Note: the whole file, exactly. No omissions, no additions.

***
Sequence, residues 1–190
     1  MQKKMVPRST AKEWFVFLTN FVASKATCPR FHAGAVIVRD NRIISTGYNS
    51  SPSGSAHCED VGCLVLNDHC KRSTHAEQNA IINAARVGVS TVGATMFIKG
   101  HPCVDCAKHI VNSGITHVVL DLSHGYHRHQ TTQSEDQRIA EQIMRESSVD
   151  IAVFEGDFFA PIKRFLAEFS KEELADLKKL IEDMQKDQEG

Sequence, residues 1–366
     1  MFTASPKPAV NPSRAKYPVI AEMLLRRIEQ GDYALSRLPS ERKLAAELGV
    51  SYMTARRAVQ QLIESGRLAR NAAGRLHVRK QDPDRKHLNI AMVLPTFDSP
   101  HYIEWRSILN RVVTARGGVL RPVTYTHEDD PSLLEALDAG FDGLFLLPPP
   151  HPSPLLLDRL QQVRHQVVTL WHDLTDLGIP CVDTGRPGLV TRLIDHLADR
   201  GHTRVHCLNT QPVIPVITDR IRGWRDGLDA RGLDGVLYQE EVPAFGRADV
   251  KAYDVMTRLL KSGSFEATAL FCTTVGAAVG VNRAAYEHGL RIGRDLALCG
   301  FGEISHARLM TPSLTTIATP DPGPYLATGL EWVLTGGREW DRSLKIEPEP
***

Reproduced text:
Sequence, residues 1–190
     1  MQKKMVPRST AKEWFVFLTN FVASKATCPR FHAGAVIVRD NRIISTGYNS
    51  SPSGSAHCED VGCLVLNDHC KRSTHAEQNA IINAARVGVS TVGATMFIKG
   101  HPCVDCAKHI VNSGITHVVL DLSHGYHRHQ TTQSEDQRIA EQIMRESSVD
   151  IAVFEGDFFA PIKRFLAEFS KEELADLKKL IEDMQKDQEG

Sequence, residues 1–366
     1  MFTASPKPAV NPSRAKYPVI AEMLLRRIEQ GDYALSRLPS ERKLAAELGV
    51  SYMTARRAVQ QLIESGRLAR NAAGRLHVRK QDPDRKHLNI AMVLPTFDSP
   101  HYIEWRSILN RVVTARGGVL RPVTYTHEDD PSLLEALDAG FDGLFLLPPP
   151  HPSPLLLDRL QQVRHQVVTL WHDLTDLGIP CVDTGRPGLV TRLIDHLADR
   201  GHTRVHCLNT QPVIPVITDR IRGWRDGLDA RGLDGVLYQE EVPAFGRADV
   251  KAYDVMTRLL KSGSFEATAL FCTTVGAAVG VNRAAYEHGL RIGRDLALCG
   301  FGEISHARLM TPSLTTIATP DPGPYLATGL EWVLTGGREW DRSLKIEPEP